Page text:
What are you doing next Monday afternoon? Watching the solar eclipse, perhaps?
NASA is, of course, the best source for information about the upcoming event, but we can break it down for you.
What they’re calling the Great American Total Solar Eclipse will darken skies across the country, from Oregon to South Carolina, along a stretch of land about 70 miles wide.
This phenomenon happens when our view of the sun is blocked by the moon. When the moon lines up between the sun and Earth, the moon will cast a shadow onto Earth. This is what we on the ground observe as a solar eclipse.
This will be the first total solar eclipse crossing the US from coast to coast since 1918, making it a once-in-a-lifetime event for most folks.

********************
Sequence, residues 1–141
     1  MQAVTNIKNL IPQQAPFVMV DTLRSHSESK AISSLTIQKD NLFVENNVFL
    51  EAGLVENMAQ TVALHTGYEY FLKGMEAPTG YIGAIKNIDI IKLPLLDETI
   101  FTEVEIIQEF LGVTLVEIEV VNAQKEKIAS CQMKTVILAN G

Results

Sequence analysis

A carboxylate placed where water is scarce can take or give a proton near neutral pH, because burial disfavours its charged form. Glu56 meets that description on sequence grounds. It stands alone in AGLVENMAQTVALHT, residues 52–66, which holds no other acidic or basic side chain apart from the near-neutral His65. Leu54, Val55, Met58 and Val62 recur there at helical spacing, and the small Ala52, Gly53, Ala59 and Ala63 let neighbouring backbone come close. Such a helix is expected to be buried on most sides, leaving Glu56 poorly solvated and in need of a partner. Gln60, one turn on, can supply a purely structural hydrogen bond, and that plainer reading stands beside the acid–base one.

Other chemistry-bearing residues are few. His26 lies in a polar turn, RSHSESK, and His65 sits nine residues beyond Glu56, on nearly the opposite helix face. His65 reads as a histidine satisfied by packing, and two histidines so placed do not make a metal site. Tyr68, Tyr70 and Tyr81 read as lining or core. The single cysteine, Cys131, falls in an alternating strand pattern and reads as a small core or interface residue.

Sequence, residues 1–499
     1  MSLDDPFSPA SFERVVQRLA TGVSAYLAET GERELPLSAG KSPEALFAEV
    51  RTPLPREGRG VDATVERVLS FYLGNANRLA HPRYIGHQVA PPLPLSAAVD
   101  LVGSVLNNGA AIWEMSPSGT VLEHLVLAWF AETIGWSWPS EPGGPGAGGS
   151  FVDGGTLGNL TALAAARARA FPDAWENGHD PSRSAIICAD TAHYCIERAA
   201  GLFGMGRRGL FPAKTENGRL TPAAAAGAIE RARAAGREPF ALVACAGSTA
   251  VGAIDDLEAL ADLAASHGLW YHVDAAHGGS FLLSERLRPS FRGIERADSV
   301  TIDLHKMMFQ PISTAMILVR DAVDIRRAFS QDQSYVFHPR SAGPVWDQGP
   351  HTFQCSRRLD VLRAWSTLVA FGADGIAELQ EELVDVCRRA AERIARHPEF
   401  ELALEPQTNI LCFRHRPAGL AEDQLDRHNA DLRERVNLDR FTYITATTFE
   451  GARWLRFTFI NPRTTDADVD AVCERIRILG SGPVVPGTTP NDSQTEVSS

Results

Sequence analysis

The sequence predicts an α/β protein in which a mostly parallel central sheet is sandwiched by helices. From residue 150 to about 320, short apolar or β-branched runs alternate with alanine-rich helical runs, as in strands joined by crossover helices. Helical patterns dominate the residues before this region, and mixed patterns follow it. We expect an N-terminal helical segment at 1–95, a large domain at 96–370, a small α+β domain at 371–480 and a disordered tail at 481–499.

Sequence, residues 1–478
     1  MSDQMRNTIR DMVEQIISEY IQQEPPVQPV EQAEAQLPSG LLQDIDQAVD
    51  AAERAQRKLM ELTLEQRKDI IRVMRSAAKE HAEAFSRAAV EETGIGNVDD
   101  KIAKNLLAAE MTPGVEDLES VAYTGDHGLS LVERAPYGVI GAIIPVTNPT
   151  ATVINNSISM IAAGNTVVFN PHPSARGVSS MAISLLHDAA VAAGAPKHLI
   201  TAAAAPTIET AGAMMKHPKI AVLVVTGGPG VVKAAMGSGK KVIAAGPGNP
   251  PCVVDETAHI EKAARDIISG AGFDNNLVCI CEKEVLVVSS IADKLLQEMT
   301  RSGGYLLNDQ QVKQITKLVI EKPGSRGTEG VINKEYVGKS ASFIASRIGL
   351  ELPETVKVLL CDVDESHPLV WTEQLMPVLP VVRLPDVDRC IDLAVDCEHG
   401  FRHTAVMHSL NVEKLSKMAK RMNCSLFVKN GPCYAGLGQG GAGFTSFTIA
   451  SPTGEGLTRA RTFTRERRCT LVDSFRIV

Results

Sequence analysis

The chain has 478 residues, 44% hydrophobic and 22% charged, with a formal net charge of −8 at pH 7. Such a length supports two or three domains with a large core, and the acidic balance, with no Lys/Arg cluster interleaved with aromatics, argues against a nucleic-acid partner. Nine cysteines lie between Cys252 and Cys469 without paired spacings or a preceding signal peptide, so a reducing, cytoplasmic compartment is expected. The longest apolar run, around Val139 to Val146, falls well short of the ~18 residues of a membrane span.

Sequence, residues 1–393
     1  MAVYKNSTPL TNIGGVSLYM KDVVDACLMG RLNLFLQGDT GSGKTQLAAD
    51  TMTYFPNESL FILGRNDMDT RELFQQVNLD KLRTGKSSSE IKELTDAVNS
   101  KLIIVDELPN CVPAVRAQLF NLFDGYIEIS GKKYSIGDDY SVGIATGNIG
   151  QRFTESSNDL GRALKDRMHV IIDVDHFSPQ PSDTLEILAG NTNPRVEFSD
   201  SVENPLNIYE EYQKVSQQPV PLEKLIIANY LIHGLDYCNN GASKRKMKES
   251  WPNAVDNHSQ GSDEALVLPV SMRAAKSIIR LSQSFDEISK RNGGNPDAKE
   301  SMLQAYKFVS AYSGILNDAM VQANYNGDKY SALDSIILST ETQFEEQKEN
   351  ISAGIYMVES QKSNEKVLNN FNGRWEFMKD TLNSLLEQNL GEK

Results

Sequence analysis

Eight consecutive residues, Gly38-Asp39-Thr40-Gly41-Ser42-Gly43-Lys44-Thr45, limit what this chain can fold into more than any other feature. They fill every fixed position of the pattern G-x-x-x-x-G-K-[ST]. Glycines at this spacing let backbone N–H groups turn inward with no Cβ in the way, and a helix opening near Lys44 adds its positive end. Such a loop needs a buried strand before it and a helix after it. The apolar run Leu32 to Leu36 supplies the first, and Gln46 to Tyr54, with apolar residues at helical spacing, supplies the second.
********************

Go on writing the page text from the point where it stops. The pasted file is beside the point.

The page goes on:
Lucky for us in Apex, NC, we’re just beyond that line, meaning we’ll see approximately 93% of the sun blocked by the moon.
If, like us, you’re in the Raleigh-Durham area of North Carolina, here are some ideas for where you might watch this truly awesome event unfold: http://www.wral.com/11-events-in-raleigh-the-triangle-to-catch-the-2017-summer-solar-eclipse/16848738/
Keep in mind, skywatchers, you should NEVER look at a partial solar eclipse without proper eye protection. Looking directly at the sun, even when it is partially covered by the moon, can cause serious eye damage or blindness.
Even if you can’t see it in person, most local news stations, and even some national cable stations, as well as dozens of websites (including the NASA link above!) will allow you to watch the sun disappear for a few minutes from the comfort of your home.